Newspaper Editor: “Hey, you know this looks like an article and people might confuse it for something we’re reporting as legitimate news. I don’t think we can run this unless you make it look more like an ad.”

    Marketing guy: “Well they’re paying us a lot of money. How about if we put the word advertisement in 6 point type at the top? Otherwise we’ll be cutting your reporting staff because we’re a little low on money.”

    Newspaper Editor: “Sigh…”

  7. lalaland13 says:

    Oh geez I hate crap like this that’s designed to look like a “real” article. Thank goodness for the “advertisement” note, but still, I wonder if some will fall for this. My favorite remains the lesbian fireplace ad.

  8. lalaland13 says:

    @MercuryPDX: I would hope anyone who regularly reads the paper or any paper would know that is not what most articles look like. But you never know. And newspaper’s editorial departments rarely, if ever, have any control over what advertising does. I know you were probably joking, though, and that could be a real convo with slight variants like “We’re putting a front page ad on! Or more cuts!” Blurg.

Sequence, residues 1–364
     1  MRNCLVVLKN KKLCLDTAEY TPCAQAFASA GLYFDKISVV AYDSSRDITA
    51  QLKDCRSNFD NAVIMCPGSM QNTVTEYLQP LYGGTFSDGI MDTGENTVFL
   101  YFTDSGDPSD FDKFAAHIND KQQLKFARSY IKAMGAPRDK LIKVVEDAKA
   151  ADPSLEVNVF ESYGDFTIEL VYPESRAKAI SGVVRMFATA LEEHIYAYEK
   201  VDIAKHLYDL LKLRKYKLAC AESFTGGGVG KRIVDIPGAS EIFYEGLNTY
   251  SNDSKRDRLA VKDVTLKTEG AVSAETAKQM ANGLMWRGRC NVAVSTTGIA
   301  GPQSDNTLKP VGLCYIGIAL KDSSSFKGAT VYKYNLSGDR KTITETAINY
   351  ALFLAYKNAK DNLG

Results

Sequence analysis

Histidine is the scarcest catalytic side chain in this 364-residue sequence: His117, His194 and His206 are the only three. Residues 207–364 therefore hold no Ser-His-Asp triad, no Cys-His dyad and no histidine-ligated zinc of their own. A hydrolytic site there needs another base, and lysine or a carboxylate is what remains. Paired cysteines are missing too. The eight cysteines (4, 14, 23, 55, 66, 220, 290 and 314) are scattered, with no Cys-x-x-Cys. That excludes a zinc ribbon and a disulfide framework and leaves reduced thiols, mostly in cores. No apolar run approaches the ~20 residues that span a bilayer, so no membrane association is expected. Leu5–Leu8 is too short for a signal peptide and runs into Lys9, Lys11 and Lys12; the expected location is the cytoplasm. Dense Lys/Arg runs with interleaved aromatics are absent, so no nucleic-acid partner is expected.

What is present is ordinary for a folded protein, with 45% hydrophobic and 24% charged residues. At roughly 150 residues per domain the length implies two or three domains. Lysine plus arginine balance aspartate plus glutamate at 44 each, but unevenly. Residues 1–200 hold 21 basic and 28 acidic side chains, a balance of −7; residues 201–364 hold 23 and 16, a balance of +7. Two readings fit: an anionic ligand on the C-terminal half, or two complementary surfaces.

But those are my least favorite kind of ad because they’re so grating and annoying and cheesy and just plain bad.

  9. jflash972 says:

    One of our local tv stations also found that the prominent notice in the ad which reads “Box Certified by U.S. Department of Commerce National Telecommunication & Information Administration” is false as well.

    This marketing behind this ad is much like the ads that appeared in magazines and newspapers several years ago for “miracle” (fancy that!) satellite-dish-shaped set-top antennas which allowed one to receive tv broadcasts “for free!”

  10. dman19 says:

    its sad, they put a senior citizen in the picture. so then senior citizens themselves will think “hey that old guy just like me did it so i can too!” its pretty bad people do these kinds of things.

  11. LostAngeles says:

    OK, we need to do a little better than just having in tiny words, “Advertisement.” I remember the first time I came across such a thing and I was wondering what the hell was going on with a page devoted to this tripe. Then I saw the word, “Advertisement,” in teeny letters at the bottom.

    We really need to work on strengthening people’s bullshit detectors and not allowing advertising to look like a real news story would be nice as well. They’ve got plenty of other false positions of authority (celebrity, 4 out of 5 doctors, Dr. Jarvik, more than 1 billion served…) they don’t really need this one.

    This reminds me, I recall a story over on Jezebel about an abstinence-only, pro-life, propaganda-zine, with “Advertisement Supplement,” on every other page. I’ll be generous and say it skims along the accuracy edge at some points, provided you’re Obi-Wan Kenobi.

  12. LostAngeles says: